What's normal?

Common Characteristics in the Developmental Stages of a Fifth Grade Student

This information was adapted from the book Yardsticks; Children in the Classroom by Chip Wood, and the Family Education website at http://school.familyeducation.com/fifth-grade/parenting/36069.html?detoured=1.

Developmental characteristics that appear around age 10:

*A ten-year-old is beginning to develop a sense of ownership in their community.

*They are eager to reach out to others through community service or tutoring younger students. *A ten-year-old is both competitive and cooperative when they see the value of it.
*A ten-year-old usually prefers to be part of a group and works well with either gender. *Ten-year-olds are quick to anger and quick to forgive.
*They tend to be obedient, good natured, and fun.
*They are influenced by TV and identify with TV characters.
*At this age, they begin to improve their self-concept and their acceptance of others.
*They are showing signs of maturing mentally, emotionally, and physically.
* They need lots of outdoor play and physical challenges to develop muscles and coordination of their larger bodies.
*Their bodies are growing in spurts and they may complain of aches and pains. Snacks and rest periods are important.
*They like to form personal relationships with adults in addition to their parents. How can we support a fifth grade student’s learning?

*Set clear expectations.
*Providing consistent rules, without exceptions, is important.
*Provide consequences that are fair and immediate. Help them see consequences are a result of the choice; not a measure of their worthiness.
*Enjoy word games and activities that expand their vocabulary.
*Help them learn about their government and history by visiting local museums.
*Encourage them to use mediation and problem solving skills.
*Give them lots of encouragement and opportunities to read for extended periods of time. *Provide opportunities for them to join clubs or teams in their interest area.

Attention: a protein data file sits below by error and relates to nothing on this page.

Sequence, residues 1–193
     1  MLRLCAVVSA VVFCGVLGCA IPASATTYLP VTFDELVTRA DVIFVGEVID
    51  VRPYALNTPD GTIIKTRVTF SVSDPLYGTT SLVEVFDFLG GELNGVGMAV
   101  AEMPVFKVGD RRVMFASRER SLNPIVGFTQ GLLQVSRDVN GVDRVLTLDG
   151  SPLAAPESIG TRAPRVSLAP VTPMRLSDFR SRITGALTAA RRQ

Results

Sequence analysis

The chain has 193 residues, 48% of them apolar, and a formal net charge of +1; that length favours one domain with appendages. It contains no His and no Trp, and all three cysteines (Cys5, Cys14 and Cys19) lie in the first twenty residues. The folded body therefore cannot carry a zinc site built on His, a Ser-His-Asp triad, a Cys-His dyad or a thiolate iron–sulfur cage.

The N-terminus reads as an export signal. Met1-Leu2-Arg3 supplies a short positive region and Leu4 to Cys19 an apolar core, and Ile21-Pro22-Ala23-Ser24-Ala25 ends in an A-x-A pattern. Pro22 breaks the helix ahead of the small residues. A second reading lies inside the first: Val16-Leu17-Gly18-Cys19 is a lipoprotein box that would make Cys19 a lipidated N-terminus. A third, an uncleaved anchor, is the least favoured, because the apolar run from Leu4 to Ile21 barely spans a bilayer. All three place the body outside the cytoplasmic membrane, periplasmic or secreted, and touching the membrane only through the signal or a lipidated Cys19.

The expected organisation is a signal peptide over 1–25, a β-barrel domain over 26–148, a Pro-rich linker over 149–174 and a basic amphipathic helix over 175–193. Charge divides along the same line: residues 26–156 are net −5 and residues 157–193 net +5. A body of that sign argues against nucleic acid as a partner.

*Encourage them to set a goal and accept the responsibilities to achieve it.
*Allow them more independence and responsibility for decision making.
*Allow them to fail if that's their choice, but be there with consequences and strategies for them to make a more successful choice next time.

 

Developmental characteristics that appear around age 11:

*An eleven-year-old is easily frustrated, often moody, and self-absorbed.
*Their moods may swing from moment to moment. They have a wide range and intensity of emotions.
*An eleven-year-old is easily embarrassed and sees a need to "save face" in front of peers. *An eleven-year-old likes to talk a lot and, in reality, needs lots of talk time with peers. Peer opinions may mean more than adult acceptance.
*Eleven-year-olds like to challenge rules and test limits.
*They prefer to learn things rather than improve previous work.
*They tend to be competitive and may put down others who don't "measure up" in their opinion. *They worry about who's "in" or "out".
*At this age, they begin to improve their self-concept and their acceptance of others.
*They are showing signs of maturing mentally, emotionally, and physically.
* They can be both energetic and lethargic from one moment to the next.
*Their bodies are growing in spurts and they may complain of growing pains.
*Well balanced meals, frequent healthy snacks, and lots of sleep are important. Their hours of sleep and alertness begin to get later.
*They need adult empathy and guidance to sort through what needs to be taken seriously. How can we support their learning? *Set clear expectations.
*Providing consistent rules, but be more willing to listen to their ideas and be flexible when their reasoning is sound.
*Provide consequences that are fair and immediate. Help them see consequences are a result of the choice; not a measure of their worthiness.
*Enjoy discussing abstract ideas, such as "justice", with them.
*Help them to write about, and support, their opinions with activities like writing a letter to the editor when they feel passionate about a subject.
*Encourage them to use brain teaser puzzles and problem solving skills.
*Give them lots of encouragement and opportunities to research things they are interested in. *Provide opportunities for them to join clubs or teams in their interest area.
*Encourage them to set goals and accept the responsibilities to achieve them.
*Allow them more independence and responsibility for decision making.
*Allow them to fail if that's their choice, but be there with consequences and strategies for them to make a more successful choice next time.

You can find more good information on issues for 5th graders beyond the school at:

http://life.familyeducation.com/parenting-preteens-children/elementary-school/42867.html?detoured=1

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